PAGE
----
Interactive Music Experience

Interactive Music & Movement Experience

How do you sing? How do you play? How do you dance? How do you do?

Designed and developed by Beyond Skin and affectionately  called the iME is a high impact diversity learning workshop through world music a dance
The Interactive Music Experience (iME) brand and formula is unique to Beyond Skin due to the character and skills of artists involved and years of experience fine-tuning the formula (since 2008). It, therefore, cannot be duplicated to the Beyond Skin standard by any other organisation.

“In 37 years of teaching, I have never seen all children engaged all of the time in any activity like I have today.”  Primary School teacher at an iME Workshop

The iME set out to be a format that had the maximum impact in terms of giving everyone an overwhelming joyous intercultural learning experience.

Depending on the size of space we can cater for very large numbers. We have been known to involve an entire school in a 2 hr session A unique experience that is never the same twice, as the participants become the performance.


Teachers Comments

“This type of experience should be more accessible to schools. If funding were in place to make the costs affordable, more children could enjoy. We recognise that we were very fortunate to be able to have these workshops in our school.”

“I think this is an excellent way of assisting community integration and development through our young people. I would certainly welcome more projects like this one.”

“Best workshop/music project I have ever been part of in 15 years of teaching.”

“This was a once in a lifetime unique and special opportunity which should be promoted as much as possible.”

“It surpassed our expectations! A wonderful and unique experience which left everyone in our school on a high!!”

A letter about the Interactive Music (Movement) Experience

“This is to express my personal and professional endorsement of Beyond Skin's Interactive Music Experience programme. I have participated actively in it for the past three years. In this period of time, I have observed the passionate commitment with which Beyond Skin promote and respond to ever-increasing interest by the community and voluntary organisations, schools and youth clubs all over Northern Ireland to host one of these events. I have thus participated as a musician and facilitator at events held with children, young people, adults and senior citizens from all cultural, national and social backgrounds.

I see iME events as one very effective way for the different audience groups to engage with music and cultural expression interactively. I believe they address two key needs in people:

First, iME events provide a genuine opportunity to challenge misconceptions about the essence of music and musicality. The distinction between performer and audience is blurred, as participants are encouraged to grab a percussion instrument, overcoming shyness or ignorance, they are taught how to play as they join in with the musicians in a range of games and musical conversations using instruments and voice. I have often seen iME bands begin a structured improvisation around a pattern or lyrics started off by a school child or another participant. The respectful, non-judgmental approach to everybody's ability to make music is disarming. I think here lies the secret as to why iMEs always end up with a very intense, fully participatory jam session; nobody is excluded from music-making, everybody is encouraged to explore their own innate musicality. This can be a very liberating experience, even for trained musicians who maybe have not experienced improvisation before.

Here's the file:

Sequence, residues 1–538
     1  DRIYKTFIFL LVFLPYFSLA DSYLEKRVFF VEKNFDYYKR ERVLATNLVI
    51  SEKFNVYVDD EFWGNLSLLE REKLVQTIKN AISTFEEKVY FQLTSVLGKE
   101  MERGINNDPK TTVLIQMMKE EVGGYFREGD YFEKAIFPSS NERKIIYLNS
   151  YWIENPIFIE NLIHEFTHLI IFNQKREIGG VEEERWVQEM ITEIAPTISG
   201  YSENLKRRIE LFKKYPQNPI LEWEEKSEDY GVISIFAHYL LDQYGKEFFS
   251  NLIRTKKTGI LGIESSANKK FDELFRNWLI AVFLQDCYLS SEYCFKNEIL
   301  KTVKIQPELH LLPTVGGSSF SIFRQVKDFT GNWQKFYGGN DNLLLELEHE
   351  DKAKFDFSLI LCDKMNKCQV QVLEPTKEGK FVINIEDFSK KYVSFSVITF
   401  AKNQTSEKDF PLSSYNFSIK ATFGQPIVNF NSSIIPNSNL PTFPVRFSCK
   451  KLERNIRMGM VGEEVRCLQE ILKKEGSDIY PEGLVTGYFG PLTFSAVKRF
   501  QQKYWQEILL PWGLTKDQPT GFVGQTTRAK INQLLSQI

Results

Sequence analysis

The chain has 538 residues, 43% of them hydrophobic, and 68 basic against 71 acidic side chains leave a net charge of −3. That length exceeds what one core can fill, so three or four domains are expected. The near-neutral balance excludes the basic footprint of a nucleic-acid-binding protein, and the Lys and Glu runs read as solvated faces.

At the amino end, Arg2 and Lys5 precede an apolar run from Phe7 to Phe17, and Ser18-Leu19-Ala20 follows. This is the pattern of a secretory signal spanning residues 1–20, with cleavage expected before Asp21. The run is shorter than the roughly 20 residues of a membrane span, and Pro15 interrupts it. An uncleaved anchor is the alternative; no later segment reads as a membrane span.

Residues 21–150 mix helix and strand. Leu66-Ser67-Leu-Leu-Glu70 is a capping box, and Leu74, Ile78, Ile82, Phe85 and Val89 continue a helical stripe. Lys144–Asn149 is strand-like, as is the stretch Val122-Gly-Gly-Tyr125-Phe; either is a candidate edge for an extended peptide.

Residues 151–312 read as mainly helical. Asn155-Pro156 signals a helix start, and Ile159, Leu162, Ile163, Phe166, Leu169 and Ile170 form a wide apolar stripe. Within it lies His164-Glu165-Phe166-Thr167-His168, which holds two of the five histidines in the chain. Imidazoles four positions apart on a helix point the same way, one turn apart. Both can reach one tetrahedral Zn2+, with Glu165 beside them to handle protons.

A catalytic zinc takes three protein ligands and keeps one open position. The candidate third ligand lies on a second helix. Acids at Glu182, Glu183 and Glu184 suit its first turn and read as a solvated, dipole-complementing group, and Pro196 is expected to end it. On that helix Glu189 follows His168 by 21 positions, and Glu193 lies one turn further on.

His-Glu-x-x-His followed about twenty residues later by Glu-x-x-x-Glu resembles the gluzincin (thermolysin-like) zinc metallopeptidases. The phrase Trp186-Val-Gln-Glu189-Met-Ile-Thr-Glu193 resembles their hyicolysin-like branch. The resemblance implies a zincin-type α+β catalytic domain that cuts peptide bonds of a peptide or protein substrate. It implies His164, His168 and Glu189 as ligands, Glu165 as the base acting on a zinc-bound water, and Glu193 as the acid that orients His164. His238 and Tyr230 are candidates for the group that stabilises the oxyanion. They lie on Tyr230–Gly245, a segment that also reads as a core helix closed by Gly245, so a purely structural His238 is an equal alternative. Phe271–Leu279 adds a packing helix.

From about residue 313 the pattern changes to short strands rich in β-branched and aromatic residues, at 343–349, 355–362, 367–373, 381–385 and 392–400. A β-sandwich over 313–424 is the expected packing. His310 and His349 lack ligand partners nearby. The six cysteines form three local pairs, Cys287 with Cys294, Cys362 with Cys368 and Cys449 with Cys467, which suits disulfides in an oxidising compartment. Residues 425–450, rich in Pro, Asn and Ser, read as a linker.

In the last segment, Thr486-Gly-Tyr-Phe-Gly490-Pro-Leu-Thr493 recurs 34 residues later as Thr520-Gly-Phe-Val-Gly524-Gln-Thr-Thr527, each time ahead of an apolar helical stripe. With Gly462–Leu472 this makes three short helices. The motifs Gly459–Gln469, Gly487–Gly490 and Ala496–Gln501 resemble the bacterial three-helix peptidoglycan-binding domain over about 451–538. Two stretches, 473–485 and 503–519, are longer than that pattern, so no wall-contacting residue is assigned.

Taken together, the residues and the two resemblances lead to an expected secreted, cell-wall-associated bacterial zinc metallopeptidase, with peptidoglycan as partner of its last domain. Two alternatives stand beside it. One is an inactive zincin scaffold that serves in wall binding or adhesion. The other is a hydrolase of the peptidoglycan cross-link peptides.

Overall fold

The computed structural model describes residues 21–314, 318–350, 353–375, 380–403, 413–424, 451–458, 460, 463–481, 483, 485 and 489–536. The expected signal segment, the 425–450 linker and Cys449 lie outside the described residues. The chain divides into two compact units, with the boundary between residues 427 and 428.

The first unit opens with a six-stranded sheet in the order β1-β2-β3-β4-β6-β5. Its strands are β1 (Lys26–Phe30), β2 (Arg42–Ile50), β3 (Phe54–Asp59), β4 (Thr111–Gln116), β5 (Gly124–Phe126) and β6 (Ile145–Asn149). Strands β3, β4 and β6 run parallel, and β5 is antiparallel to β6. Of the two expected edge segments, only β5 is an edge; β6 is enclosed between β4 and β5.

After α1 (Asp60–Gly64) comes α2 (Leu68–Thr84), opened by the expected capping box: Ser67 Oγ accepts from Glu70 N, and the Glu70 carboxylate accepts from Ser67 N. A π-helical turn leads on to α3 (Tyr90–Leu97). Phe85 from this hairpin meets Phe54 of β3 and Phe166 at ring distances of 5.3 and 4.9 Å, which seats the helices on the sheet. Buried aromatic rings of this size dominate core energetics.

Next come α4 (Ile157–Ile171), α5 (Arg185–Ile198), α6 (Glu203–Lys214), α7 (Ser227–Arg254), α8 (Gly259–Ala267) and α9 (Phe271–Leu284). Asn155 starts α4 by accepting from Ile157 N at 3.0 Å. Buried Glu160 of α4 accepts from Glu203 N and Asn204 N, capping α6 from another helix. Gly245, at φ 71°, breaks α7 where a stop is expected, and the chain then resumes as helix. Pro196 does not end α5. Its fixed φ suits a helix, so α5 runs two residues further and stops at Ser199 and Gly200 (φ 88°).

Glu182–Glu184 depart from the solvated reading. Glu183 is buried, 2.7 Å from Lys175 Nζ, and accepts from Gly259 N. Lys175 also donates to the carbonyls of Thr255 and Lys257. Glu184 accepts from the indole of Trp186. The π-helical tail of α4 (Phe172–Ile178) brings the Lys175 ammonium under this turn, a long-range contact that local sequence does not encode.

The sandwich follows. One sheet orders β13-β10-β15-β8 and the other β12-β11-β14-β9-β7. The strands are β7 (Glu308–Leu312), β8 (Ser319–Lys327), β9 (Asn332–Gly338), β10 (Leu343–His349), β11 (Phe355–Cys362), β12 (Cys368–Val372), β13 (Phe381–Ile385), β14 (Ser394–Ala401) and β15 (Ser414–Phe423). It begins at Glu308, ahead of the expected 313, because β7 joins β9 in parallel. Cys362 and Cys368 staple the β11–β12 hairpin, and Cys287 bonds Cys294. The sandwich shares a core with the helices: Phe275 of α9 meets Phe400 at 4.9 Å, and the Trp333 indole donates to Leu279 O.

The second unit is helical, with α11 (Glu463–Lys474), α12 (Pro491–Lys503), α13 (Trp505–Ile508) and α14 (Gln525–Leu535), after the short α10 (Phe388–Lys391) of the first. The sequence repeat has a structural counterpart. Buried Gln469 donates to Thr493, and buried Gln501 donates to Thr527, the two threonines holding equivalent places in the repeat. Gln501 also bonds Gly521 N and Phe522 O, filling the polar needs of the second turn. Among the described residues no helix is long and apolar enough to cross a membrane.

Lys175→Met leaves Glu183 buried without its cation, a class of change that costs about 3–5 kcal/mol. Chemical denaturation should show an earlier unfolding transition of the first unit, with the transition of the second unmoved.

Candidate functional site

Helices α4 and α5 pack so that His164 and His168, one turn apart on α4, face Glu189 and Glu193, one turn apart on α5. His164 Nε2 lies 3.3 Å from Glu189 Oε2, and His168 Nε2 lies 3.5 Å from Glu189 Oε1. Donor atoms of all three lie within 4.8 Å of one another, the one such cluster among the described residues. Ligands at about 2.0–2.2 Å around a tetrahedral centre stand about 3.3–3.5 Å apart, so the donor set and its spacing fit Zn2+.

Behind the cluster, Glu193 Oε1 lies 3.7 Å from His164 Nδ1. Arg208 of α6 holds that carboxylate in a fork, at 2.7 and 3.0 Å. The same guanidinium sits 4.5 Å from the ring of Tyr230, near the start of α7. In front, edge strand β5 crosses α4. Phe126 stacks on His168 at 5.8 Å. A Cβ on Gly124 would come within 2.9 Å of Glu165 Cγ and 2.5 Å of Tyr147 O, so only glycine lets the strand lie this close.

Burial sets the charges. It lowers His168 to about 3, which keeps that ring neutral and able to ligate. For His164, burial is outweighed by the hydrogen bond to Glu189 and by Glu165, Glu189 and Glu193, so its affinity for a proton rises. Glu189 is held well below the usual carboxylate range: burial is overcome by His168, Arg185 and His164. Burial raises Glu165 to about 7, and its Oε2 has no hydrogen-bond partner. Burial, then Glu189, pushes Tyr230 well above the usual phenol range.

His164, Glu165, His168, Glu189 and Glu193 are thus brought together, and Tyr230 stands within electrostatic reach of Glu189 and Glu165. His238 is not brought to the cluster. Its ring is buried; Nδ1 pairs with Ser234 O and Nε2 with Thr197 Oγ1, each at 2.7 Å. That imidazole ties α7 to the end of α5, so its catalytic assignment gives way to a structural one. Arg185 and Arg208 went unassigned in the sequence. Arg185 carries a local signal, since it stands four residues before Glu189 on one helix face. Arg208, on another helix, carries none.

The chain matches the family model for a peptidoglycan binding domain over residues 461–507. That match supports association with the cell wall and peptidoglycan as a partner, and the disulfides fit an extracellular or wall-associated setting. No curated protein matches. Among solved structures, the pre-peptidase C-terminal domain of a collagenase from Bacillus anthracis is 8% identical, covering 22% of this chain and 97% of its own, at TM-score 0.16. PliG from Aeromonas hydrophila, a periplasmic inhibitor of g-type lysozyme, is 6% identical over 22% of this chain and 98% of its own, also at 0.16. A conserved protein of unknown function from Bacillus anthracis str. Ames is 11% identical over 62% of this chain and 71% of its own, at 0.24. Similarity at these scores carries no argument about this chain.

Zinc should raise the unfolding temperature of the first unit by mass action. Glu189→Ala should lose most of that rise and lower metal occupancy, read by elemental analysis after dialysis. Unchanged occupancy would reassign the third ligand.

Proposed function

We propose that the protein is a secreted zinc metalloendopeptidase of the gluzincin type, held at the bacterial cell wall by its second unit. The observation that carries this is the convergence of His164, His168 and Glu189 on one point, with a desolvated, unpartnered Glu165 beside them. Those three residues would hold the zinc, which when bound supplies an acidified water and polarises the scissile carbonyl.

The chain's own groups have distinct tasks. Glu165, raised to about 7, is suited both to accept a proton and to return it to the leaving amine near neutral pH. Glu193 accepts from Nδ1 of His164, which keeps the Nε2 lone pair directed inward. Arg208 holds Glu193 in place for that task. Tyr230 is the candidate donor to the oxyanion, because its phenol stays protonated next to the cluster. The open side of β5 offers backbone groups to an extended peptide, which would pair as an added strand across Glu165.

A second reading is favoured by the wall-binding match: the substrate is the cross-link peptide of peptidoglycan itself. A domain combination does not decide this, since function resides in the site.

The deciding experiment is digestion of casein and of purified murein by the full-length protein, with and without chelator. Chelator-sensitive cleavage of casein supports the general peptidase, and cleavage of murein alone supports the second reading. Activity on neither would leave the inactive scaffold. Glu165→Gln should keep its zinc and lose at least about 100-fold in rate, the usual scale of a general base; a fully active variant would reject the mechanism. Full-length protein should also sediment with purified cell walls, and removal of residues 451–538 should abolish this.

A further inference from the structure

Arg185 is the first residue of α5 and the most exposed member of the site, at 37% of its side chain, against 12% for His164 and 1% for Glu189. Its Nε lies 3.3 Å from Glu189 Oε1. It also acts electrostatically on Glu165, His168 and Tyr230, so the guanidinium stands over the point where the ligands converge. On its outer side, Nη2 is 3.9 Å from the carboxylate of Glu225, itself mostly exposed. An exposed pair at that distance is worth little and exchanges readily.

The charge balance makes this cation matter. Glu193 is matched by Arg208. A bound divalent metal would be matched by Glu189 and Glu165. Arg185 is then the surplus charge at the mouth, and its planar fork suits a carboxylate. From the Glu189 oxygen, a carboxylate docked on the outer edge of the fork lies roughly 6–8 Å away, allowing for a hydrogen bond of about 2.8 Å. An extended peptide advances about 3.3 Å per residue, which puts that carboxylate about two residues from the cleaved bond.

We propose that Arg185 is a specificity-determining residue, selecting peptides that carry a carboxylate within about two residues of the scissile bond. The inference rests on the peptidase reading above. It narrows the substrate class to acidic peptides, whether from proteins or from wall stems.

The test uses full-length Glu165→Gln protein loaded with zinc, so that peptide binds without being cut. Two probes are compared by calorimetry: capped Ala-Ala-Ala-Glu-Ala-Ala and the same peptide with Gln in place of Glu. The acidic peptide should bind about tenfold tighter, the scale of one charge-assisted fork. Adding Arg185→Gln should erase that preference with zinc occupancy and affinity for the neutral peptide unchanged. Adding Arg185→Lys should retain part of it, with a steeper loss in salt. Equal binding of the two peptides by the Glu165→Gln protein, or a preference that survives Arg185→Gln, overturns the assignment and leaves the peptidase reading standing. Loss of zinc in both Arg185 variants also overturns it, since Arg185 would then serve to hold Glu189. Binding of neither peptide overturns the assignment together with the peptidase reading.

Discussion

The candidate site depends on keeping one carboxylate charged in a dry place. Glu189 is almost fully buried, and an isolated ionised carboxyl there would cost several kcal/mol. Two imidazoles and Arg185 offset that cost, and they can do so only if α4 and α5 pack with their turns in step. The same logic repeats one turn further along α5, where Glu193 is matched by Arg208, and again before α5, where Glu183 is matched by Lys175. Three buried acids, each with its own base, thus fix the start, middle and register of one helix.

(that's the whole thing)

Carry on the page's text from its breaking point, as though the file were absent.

Second, iMEs provide participants with interactive access to a rainbow of cultural, national and artistic expression which strongly challenges the stereotypes that perpetuate racism and bigotry. The iME programme exposes audiences to music styles from all over the world, performed and explained by artists who are able to complement their musical story with a personal story of migration, which inevitably enriches people's perceptions of art, music and cultural diversity in their own communities. For example, I often wonder how many geography lessons it would take to teach school children that the notion of thinking that Chile is close to Mexico (4,000 miles apart) is as inaccurate as to think Belfast is next to New Delhi (also 4,000 miles apart). To be able to do that and to use music to exemplify it is quite extraordinary.

Finally, along with the majority of musicians working with Beyond Skin, the current economic environment and policies governing the arts sector result in me not being able to work as a musician full-time in Northern Ireland. Yet, combining music performance with other forms of paid employment, rather than taking away from my professional attitude towards music, means that I choose to express my commitment and passion for music despite social and economic barriers. My professional attitude is in my commitment I believe this makes us international musicians in NI a positive example of why the personal pursuit of art and creativity is not an option only for those who can afford it, but it is a matter of personal and social growth. Working with my colleagues at Beyond Skin, and thanks to the free passport of music, I feel respected not because of my nationality, political views or education, but as a human being first of all. This simple and fundamental lesson is what I feel we in Northern Ireland need to learn more about, and in my experience, Beyond Skin is able to make in this a valuable contribution through its iME programme.”  

Victor Henriquez (Musician from Chile, living in Northern Ireland since 2001)